''Sequence of Events'' is a jumpy, energetic ride into more heavy territory. I wouldn't say it's one of the best tracks Unsettled has to offer, but I can't deny that the soaring keyboard textures put quite a smile on my face. During the final minute or so of the track's span, things become 100% Jazz, with hot cymbal hits and a wild organ solo. I honestly wish more of the song had featured that than the chugging guitar stuff, but there is enough of it present to make the track worth hearing, even if you're not much of a heavy music fan.

''DIP'' is fantastic. I just love it. The opening is simple, quirky and fun as hell to listen to. I think that it has a little something for everyone. The guitar riffs played in here just make my heart soar with hope. The main riff that carries the song through most of the time is the real star, however. It's really cool and creative. A super guitar solo comes in at around two minutes, but quickly ends to make way for a lovely unison between a more digitized keyboard sound and a traditional piano. Soon, the rest of the instruments switch gears underneath this moment, and the song begins to really charge forward. Things halt, and a light, jazzy piano solo takes over. It slowly brings the mood from upbeat and kind to dark and aggressive, but by this point, I think I was waiting for it. The piece needed to head into completely different territory, and what a great turn it takes, too! Some reverb-laden pick scrapes adding atmosphere that puts me in mind of Tool comes in, then this new, heavy guitar riff chugs ahead, full-force. The guitar patterns at this point make me think of the harder-edges Porcupine Tree stuff, but who's to say where the inspiration actually came from. All I know is that it fits, and is pulled off damn well. An ethereal guitar solo bridges the gap between this and the original riff that has been waiting to carry the track the rest of the way to it's resounding finish.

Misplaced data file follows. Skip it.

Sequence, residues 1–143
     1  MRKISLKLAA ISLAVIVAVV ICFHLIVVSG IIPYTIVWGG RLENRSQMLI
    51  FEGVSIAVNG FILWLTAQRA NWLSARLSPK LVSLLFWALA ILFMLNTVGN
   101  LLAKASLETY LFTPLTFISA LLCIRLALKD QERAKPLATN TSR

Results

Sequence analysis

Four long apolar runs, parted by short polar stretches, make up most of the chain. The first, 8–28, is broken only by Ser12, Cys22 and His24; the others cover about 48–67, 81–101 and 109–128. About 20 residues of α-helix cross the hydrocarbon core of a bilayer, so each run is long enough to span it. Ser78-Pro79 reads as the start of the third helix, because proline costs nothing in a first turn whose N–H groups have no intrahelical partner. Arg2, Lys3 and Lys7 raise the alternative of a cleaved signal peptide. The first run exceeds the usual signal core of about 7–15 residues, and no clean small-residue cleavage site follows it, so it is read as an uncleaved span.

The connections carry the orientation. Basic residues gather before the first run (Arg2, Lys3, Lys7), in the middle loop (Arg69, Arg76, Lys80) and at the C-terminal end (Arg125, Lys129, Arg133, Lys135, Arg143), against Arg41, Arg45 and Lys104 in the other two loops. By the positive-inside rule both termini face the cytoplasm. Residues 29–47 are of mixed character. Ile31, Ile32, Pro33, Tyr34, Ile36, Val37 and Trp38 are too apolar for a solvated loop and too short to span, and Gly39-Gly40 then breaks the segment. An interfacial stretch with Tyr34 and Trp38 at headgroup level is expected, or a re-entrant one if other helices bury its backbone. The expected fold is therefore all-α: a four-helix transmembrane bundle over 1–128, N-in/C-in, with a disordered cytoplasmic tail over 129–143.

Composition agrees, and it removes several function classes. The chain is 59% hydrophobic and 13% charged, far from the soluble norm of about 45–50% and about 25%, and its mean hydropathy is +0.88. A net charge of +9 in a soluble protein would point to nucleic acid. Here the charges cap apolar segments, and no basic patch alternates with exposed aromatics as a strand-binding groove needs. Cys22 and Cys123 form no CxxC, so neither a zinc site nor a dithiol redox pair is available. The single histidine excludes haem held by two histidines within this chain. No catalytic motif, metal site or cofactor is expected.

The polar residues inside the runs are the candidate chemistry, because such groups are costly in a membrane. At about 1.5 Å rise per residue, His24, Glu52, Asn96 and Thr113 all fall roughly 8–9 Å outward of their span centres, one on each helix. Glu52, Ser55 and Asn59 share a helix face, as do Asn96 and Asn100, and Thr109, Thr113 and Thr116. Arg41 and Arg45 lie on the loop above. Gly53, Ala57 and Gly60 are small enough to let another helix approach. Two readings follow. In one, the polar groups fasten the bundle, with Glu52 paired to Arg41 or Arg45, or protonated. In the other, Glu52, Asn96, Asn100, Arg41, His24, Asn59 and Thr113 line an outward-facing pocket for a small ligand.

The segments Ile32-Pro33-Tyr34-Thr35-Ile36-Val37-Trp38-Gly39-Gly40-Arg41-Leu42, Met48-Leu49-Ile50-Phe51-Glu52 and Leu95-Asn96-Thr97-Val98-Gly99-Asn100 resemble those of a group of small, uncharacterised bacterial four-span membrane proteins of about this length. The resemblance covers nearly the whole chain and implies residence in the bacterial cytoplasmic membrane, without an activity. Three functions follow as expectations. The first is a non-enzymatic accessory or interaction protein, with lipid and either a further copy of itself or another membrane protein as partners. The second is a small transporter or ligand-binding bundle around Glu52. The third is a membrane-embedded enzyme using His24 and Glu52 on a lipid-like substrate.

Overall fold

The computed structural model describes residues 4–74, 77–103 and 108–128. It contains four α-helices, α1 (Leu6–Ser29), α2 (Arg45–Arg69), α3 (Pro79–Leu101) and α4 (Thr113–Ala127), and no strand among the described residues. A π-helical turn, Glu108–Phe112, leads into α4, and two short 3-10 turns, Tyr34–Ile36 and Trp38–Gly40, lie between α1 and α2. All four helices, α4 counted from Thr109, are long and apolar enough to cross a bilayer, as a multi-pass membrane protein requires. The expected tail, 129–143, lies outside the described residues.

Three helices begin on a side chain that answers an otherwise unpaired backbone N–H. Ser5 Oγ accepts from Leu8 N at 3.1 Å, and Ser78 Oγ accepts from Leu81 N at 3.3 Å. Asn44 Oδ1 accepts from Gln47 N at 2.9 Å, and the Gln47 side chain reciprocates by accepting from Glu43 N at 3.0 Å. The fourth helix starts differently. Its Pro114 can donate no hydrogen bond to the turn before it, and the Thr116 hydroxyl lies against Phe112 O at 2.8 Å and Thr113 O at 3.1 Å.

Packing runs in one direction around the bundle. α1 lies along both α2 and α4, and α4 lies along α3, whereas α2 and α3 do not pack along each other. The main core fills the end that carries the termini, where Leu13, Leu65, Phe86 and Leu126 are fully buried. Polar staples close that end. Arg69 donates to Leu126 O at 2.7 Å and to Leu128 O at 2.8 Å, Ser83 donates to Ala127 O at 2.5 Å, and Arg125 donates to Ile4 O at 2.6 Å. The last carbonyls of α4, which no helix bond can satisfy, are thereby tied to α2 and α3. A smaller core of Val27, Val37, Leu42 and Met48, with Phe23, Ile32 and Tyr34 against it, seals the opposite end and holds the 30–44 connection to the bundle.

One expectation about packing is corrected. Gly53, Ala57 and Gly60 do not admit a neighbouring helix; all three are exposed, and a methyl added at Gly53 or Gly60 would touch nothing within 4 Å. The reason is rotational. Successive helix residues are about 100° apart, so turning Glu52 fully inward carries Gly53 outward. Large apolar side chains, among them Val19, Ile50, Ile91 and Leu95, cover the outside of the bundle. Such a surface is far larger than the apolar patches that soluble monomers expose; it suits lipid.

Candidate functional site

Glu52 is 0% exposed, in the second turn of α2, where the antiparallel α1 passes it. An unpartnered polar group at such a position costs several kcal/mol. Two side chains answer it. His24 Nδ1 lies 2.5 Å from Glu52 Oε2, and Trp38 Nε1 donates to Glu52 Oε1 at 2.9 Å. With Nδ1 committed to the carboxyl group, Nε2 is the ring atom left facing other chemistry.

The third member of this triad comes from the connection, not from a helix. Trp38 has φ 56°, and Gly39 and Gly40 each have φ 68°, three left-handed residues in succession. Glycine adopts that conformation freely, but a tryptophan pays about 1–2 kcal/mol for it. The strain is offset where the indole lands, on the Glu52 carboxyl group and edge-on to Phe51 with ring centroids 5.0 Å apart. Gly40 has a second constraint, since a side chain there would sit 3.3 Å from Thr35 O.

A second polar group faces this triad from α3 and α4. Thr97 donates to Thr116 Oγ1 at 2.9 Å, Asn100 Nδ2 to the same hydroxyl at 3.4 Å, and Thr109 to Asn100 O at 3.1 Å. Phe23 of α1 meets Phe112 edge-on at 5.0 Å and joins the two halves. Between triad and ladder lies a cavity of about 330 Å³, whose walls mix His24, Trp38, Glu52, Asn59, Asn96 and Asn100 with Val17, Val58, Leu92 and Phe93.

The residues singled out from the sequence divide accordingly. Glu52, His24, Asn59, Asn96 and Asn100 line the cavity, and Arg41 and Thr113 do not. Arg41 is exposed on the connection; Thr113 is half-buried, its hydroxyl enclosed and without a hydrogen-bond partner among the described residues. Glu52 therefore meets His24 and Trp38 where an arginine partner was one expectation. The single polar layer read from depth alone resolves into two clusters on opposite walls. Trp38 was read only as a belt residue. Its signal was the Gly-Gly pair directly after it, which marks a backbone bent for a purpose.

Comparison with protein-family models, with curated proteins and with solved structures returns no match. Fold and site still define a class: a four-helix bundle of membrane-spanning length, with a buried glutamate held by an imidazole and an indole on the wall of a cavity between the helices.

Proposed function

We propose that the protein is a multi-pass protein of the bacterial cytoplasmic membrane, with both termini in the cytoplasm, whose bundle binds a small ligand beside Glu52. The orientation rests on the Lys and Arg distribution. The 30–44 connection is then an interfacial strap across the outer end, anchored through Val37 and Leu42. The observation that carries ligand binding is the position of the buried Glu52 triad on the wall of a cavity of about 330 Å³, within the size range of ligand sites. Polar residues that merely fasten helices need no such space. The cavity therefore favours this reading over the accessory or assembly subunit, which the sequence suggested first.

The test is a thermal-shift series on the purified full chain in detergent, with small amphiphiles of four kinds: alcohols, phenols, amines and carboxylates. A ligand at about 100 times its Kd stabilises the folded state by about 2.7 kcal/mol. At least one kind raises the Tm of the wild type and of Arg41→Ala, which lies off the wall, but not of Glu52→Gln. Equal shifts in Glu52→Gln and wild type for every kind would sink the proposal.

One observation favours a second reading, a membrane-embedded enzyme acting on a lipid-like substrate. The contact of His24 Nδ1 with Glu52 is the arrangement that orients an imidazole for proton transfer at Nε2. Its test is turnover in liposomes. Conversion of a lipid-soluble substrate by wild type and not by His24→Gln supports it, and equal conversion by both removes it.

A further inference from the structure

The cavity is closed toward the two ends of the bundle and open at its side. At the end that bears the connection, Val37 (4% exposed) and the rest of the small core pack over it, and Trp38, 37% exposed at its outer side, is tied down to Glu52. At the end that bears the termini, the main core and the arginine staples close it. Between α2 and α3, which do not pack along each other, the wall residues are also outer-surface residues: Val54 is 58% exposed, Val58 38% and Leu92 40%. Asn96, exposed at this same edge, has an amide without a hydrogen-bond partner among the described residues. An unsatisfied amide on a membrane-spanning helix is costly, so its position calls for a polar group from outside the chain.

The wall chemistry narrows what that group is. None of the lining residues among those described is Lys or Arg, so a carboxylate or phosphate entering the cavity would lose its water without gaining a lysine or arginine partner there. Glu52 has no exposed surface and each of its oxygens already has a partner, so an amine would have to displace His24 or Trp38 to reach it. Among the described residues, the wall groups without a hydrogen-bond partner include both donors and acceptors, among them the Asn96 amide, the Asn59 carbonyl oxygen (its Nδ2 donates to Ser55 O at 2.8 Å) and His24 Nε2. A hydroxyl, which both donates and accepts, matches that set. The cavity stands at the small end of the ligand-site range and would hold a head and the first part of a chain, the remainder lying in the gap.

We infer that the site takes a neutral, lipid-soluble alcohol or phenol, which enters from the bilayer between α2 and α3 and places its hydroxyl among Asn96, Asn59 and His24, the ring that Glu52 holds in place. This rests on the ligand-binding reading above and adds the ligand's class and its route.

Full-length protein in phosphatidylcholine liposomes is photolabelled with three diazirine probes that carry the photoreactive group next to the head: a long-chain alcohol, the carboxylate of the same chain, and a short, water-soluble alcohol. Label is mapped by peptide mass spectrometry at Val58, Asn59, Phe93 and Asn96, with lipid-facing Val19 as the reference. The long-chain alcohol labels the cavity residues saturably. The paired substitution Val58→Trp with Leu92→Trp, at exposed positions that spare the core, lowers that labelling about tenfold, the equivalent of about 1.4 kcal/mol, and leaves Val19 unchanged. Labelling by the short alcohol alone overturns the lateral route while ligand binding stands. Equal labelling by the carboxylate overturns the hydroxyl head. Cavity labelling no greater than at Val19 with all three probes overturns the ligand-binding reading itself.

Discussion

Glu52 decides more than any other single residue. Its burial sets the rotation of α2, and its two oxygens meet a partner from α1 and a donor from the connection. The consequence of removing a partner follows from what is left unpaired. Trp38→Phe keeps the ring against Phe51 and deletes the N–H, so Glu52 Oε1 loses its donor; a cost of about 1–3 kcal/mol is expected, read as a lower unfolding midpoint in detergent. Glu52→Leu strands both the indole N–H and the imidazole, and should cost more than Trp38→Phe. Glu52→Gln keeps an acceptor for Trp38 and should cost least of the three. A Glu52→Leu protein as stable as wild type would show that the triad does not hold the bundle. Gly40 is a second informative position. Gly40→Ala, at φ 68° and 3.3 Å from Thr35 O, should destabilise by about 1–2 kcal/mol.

''The Departure'' instantly put me in mind of something Andreas Vollenweider or Jean-Luc Ponty would do. I'm not entirely sure why, but in any case, it's a good thing. This is a very guitar-centric tune, but various keyboard sounds help texture the space around the star instrument and keep things from getting too boring. And the leads being played here keep moving forward, ensuring a worthwhile listening experience. During the last third of the track, things change gears into more straightforward territory in the guitar department, but it makes way for a cool lead keyboard accompaniment that is all too short. The song ends.

''Gray Matter'' has a very spacey, epic feel to it, but also has a very smooth, jazzy quality. The heavier parts are the guitars' moments to shine, and this pretty much spends me up, guitar-wise on the record. This is the last song in which the super- destructive, hard-hitting guitar solos and rhythms interest me. The next piece will feature them as well, but by that time, it feels like an old hat, at least to me. This particular song also features one of the most beautiful guitar solos on Unsettled, so both elements-- soft and the heavy-- are shining bright and proud on this track. Overall, an above-average work in comparison.